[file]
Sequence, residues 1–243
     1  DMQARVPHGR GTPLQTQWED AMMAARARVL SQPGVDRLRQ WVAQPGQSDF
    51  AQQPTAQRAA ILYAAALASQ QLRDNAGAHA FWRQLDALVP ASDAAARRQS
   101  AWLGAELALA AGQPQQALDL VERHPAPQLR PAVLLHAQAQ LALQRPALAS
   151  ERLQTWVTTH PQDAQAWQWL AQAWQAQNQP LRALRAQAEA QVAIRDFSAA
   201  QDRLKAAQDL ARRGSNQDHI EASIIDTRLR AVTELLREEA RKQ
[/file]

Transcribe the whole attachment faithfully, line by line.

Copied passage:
Sequence, residues 1–243
     1  DMQARVPHGR GTPLQTQWED AMMAARARVL SQPGVDRLRQ WVAQPGQSDF
    51  AQQPTAQRAA ILYAAALASQ QLRDNAGAHA FWRQLDALVP ASDAAARRQS
   101  AWLGAELALA AGQPQQALDL VERHPAPQLR PAVLLHAQAQ LALQRPALAS
   151  ERLQTWVTTH PQDAQAWQWL AQAWQAQNQP LRALRAQAEA QVAIRDFSAA
   201  QDRLKAAQDL ARRGSNQDHI EASIIDTRLR AVTELLREEA RKQ